By Rob Glidden
The Charter Revision Commission has dismissed a handful of ideas from a previous public hearing, including longer terms for certain municipal boards and changing the requirements for a referendum on town expenditures.
The referendum issue was discussed by several residents at the public hearing, many of whom claimed that the costs of major projects that didn’t go to referendum (such as the turf field) were close to the $1 million threshold that triggers a vote but still just under it. A lower threshold was suggested, but several commissioners noted that this scenario was possible regardless of what amount of money triggered a referendum.
Commissioner William Della Vecchia said the threshold had risen over the years because of inflation, particularly the rising costs of construction. He and other commissioners felt it would make it more difficult to address the town’s needs if the amount were lowered.
“You’ll be having referendums on many more items because the costs keep rising,” Della Vecchia said.
Commissioner Dennis Conroy echoed the statements of some residents when he proposed to alter the charter in a way that would keep the “lease-buyback” scenario that created the new municipal center from happening again.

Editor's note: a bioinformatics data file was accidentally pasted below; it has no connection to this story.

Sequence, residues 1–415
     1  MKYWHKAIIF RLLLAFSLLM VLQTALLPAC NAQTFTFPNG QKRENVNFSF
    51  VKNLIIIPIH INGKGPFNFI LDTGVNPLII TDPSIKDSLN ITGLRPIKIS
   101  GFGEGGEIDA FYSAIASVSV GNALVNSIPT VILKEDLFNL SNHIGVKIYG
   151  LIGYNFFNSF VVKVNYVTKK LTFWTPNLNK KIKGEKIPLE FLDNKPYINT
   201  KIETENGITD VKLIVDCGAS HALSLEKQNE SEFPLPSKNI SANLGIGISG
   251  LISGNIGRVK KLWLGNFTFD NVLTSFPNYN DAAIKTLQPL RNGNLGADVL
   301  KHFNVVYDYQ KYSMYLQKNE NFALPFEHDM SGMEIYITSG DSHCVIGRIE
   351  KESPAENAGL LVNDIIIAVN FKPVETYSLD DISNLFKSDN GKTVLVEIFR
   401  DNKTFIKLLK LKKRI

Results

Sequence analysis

“The North Center project was over a million and it didn’t go to referendum,” he said. “There’s something wrong with that. If something is a legitimate need, it’s our responsibility as elected officials to persuade the people of that need.”
Town Attorney Mark Sciota explained how difficult it would be to accomplish such a goal without severely limiting the council’s budget process, since the annual lease payments on the new building are included in the budget each year. The commission was swayed by this discussion and opted not to pursue the matter.
At the commission’s previous meeting, Board of Education Chairman Brian Goralski and Board of Finance member Sandra Feld had both expressed support for four-year terms rather than two-year terms for their boards, citing the difficult learning curve for new members.
The commission was wary of the idea of reversing a change to the charter that is only a few years old and that was approved overwhelmingly by voters when originally proposed.
“I think it’s a good idea,” said Commissioner Bruce “Zeke” Zalaski, a former state representative who said this debate often came up at the state level. “The people should be able to speak every two years.”
During the meeting, the commission also made some progress on its primary objective – evaluating the oversight of the Police and Fire Commissions. Currently, these commissions do not answer to the Town Manager but this charter revision process will likely end with a proposal to change this. To give some perspective from an area where this is already the norm, Meriden City Manager Lawrence Kendzior was invited to speak at length about the issue.
“It’s a very cooperative arrangement,” he said of his authority over Meriden’s public safety boards. “I think it gives me a certain degree of responsiveness from them. If I’m reflecting the will of the council and council is reflecting the will of the people, then I think the system is working well.”
Cheshire Town Manager Michael Milone is expected to speak at the next meeting of the commission.